The Temptation of Tax Day
Written by Pete Eyre.
On Dictionary.com, the first definition of the word “temptation” points to its root — “tempt” — which means “to entice or allure to do something often regarded as unwise, wrong, or immoral.”
Were you recently tempted to fund a bad idea (coercion)? Did you, dear reader of NotBeingGoverned.com, give in to that temptation? Despite whatever internal qualms, mutterings to friends, or updates to your various social network profiles, did you choose to fuel the institution that you decry?
Out of fear? Because you value potential comfort more than the ideas you espouse?
Did you find solace in rationalizing the practical support you gave to those who call themselves your rulers?
Perhaps you told yourself that you would divest your relationship with that gang of criminals once others had taken such a step? Or maybe you told yourself that you, as one person, couldn’t really impact too much, so why put yourself at risk?
In his seminal essay, The Right to Ignore the State, Herbert Spencer outlined this very situation:
In affirming that a man may not be taxed unless he has directly or indirectly given his consent, it affirms that he may refuse to be so taxed; and to refuse to be taxed is to cut all connection with the state. In the majority of men, there is such a love of tried arrangements and so great a dread of experiments that they will probably not act upon this right until long after it is safe to do so.
Can you identify what would constitute a “safe” time for you to cease funding those who claim the right to initiate force? Certainly, by obeying self proclaimed tyrants, you may not as readily find yourself in their targets, but is that any way to live? Indeed, can it be called living? Or is merely existing?
If you base your actions on the whims of others, and on their convictions (or lack thereof), aren’t you really allowing others to control your life? That sounds a bit slavey…
Really this conversation comes down to being true to yourself. Conforming to the majority is detrimental to your own conscience – the thing that makes you you. Conformity stymies any real change. After all, any social change happens only within the smallest units of that social body – the individual. In you.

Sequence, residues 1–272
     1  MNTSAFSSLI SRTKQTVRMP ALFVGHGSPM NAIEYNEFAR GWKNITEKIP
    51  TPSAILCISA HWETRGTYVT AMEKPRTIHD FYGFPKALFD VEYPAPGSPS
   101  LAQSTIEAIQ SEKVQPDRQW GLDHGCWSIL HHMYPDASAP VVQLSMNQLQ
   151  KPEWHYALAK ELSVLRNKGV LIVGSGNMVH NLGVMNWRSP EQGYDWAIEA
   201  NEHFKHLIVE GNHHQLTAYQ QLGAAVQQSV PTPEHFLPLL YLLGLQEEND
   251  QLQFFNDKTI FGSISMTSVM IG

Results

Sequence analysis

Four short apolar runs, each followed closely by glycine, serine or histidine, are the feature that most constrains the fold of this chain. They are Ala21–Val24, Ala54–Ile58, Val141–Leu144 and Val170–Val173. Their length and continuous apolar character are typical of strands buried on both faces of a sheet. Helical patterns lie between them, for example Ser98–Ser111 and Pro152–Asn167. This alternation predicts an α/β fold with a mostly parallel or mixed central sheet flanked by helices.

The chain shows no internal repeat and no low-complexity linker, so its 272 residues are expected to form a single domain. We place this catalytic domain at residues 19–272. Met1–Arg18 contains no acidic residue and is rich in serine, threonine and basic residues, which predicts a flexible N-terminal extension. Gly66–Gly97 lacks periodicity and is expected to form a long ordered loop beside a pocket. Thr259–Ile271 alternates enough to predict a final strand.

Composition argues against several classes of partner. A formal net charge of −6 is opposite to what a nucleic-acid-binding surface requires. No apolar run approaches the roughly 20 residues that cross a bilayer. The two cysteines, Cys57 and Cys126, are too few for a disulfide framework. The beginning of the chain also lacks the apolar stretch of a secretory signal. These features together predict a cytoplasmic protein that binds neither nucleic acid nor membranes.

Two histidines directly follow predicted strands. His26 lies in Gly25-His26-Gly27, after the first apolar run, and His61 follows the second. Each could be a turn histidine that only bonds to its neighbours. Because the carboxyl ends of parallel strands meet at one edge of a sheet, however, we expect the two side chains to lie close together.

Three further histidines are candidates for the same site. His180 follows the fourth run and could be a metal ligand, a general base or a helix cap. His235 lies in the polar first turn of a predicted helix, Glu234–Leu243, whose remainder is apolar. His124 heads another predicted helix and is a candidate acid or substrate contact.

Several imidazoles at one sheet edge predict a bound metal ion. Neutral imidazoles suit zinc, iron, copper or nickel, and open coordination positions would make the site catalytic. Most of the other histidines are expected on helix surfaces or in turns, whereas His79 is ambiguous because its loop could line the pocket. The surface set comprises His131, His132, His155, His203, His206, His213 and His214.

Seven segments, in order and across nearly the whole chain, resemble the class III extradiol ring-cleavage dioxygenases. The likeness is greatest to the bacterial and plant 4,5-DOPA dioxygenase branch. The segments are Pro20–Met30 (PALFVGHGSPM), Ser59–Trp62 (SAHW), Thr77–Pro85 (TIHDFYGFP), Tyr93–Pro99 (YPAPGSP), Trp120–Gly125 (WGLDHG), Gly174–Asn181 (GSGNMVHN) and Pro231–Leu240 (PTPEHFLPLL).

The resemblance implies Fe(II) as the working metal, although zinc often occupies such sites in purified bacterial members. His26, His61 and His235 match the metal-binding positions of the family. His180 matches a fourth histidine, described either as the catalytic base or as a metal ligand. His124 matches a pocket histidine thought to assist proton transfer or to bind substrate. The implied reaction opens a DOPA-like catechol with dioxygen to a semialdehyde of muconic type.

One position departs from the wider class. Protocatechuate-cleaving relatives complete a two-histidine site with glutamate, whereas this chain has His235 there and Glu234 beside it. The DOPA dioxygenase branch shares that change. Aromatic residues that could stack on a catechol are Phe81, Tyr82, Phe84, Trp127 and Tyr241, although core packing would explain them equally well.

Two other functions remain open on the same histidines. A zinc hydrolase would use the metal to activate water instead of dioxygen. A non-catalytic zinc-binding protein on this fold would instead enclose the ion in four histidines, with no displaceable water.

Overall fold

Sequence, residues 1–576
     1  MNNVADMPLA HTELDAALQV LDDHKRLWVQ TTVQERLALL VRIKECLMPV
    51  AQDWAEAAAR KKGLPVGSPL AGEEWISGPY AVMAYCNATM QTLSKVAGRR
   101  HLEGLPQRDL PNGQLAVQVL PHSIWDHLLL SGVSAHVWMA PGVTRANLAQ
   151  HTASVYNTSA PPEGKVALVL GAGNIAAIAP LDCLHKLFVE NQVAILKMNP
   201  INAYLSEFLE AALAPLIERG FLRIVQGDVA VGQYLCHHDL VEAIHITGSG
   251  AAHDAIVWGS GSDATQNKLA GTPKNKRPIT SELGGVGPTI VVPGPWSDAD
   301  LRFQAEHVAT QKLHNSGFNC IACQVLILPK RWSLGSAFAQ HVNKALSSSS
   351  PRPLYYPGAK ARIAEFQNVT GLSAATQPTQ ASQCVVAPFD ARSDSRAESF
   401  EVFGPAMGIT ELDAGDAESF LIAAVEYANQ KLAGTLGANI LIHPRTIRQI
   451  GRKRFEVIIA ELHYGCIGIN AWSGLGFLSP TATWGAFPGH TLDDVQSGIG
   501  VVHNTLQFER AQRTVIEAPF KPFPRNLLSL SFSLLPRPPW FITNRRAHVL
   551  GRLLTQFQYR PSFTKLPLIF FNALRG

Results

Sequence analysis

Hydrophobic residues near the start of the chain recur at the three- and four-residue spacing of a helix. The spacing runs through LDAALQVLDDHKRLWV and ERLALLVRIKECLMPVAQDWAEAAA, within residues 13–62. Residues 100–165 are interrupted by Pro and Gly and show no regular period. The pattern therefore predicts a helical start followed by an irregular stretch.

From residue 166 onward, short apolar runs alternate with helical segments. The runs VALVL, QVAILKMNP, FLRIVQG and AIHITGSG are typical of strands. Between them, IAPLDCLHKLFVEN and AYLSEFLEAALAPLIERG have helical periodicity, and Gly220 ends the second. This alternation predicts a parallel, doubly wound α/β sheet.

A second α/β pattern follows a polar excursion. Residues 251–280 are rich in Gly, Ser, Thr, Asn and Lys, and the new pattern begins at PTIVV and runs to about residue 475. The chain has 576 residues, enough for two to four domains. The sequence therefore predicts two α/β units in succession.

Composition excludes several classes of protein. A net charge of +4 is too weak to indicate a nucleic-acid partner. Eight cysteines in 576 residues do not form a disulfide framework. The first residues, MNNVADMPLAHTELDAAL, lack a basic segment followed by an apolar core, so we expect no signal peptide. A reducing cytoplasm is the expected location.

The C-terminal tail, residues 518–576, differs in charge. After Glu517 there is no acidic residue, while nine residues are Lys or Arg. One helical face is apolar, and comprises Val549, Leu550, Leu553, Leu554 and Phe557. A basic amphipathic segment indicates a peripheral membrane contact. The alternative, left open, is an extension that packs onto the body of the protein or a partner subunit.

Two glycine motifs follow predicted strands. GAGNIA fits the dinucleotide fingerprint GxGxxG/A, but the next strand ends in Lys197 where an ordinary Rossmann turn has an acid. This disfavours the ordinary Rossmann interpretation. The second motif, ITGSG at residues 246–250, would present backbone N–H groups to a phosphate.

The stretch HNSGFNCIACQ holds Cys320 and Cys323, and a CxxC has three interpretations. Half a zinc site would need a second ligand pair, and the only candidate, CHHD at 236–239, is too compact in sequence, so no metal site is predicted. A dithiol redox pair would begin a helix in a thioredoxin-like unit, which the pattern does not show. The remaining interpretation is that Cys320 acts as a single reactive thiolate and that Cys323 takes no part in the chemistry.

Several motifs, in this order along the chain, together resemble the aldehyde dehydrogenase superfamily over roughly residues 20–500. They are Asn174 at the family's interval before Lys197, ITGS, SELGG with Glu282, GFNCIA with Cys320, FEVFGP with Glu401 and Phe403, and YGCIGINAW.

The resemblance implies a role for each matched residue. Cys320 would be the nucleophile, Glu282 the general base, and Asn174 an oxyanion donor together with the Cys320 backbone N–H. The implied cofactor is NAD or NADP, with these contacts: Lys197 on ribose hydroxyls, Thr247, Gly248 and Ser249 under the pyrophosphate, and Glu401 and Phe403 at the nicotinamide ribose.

Alfred Adler astutely noted, “It is easier to fight for one’s principles than to live up to them.”
The purpose of this essay is to encourage you to live up to your principles. To give you a friendly nudge to align your actions with your thoughts — to be an agent of change.
In his infamous essay On Civil Disobedience, Henry Thoreau spoke directly to the heart of this conversation: “Those who, while they disapprove of the character and measures of a government, yield to it their allegiance and support are undoubtedly its most conscientious supporters … Why do they not dissolve it themselves — the union between themselves and the State — and refuse to pay their quota into its treasury?”
Thoreau continued, “What I have to do is to see, at any rate, that I do not lend myself to the wrong which I condemn.”
Thoreau, and really all abolitionists, choose not just to share ideas or to voice dissent, but to live deliberately and deny legitimacy to those who seek to enslave others.
Will you be so bold?
The paragraph on the About Us page of NotBeingGoverned.com ends, “[O]ur mission is to assist the government on its path toward self-destruction by educating people on opting out of the State through the non-violent, revolutionary means of Agorism and Crypto-Anarchy.”
While only “educating” is explicitly stated, one precept of Agorism is action. I encourage you to act. To live deliberately. To not fund the coercive monopoly.
You own yourself. Act like it.
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